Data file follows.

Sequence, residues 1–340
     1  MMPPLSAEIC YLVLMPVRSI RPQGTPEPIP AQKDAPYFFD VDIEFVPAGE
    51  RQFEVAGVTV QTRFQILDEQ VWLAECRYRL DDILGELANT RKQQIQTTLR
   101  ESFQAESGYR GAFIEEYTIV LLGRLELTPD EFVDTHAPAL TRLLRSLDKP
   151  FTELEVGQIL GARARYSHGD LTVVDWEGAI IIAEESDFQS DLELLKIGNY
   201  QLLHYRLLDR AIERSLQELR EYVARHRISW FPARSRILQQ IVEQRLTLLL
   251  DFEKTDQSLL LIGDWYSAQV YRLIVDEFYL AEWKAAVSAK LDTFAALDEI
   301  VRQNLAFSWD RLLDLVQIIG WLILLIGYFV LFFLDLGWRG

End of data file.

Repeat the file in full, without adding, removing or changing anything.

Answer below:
Sequence, residues 1–340
     1  MMPPLSAEIC YLVLMPVRSI RPQGTPEPIP AQKDAPYFFD VDIEFVPAGE
    51  RQFEVAGVTV QTRFQILDEQ VWLAECRYRL DDILGELANT RKQQIQTTLR
   101  ESFQAESGYR GAFIEEYTIV LLGRLELTPD EFVDTHAPAL TRLLRSLDKP
   151  FTELEVGQIL GARARYSHGD LTVVDWEGAI IIAEESDFQS DLELLKIGNY
   201  QLLHYRLLDR AIERSLQELR EYVARHRISW FPARSRILQQ IVEQRLTLLL
   251  DFEKTDQSLL LIGDWYSAQV YRLIVDEFYL AEWKAAVSAK LDTFAALDEI
   301  VRQNLAFSWD RLLDLVQIIG WLILLIGYFV LFFLDLGWRG